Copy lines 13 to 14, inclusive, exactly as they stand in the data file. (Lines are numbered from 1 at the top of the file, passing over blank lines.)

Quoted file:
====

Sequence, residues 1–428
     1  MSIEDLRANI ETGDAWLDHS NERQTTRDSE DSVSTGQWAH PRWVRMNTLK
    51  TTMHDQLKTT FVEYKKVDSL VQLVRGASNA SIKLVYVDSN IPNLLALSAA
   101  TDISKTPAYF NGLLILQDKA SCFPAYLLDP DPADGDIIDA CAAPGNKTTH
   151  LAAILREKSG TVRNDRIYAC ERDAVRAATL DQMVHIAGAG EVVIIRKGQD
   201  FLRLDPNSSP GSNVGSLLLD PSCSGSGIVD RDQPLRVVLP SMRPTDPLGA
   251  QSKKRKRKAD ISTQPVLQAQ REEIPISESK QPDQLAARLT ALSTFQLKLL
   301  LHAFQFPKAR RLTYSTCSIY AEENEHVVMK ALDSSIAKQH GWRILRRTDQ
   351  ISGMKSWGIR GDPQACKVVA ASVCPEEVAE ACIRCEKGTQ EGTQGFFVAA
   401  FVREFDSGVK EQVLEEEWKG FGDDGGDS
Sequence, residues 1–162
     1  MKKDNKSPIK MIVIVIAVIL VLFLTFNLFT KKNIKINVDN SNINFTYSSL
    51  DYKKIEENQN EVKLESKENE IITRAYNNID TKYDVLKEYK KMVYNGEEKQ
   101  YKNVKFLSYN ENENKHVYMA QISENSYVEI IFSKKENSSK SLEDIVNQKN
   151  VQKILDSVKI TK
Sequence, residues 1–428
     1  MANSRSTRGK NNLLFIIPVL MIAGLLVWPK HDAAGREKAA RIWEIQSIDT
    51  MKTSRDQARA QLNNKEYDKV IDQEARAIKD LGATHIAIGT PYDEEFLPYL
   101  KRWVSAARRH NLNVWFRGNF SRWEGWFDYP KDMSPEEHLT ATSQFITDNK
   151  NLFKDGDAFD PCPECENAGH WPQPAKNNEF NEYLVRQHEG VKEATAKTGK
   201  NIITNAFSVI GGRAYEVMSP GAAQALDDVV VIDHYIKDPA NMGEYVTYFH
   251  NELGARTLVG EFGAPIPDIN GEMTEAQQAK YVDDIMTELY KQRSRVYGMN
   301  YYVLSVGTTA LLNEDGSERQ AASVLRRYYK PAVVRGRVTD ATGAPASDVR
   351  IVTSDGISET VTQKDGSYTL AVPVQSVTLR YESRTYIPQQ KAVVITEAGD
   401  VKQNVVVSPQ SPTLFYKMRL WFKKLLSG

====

    51  DYKKIEENQN EVKLESKENE IITRAYNNID TKYDVLKEYK KMVYNGEEKQ
   101  YKNVKFLSYN ENENKHVYMA QISENSYVEI IFSKKENSSK SLEDIVNQKN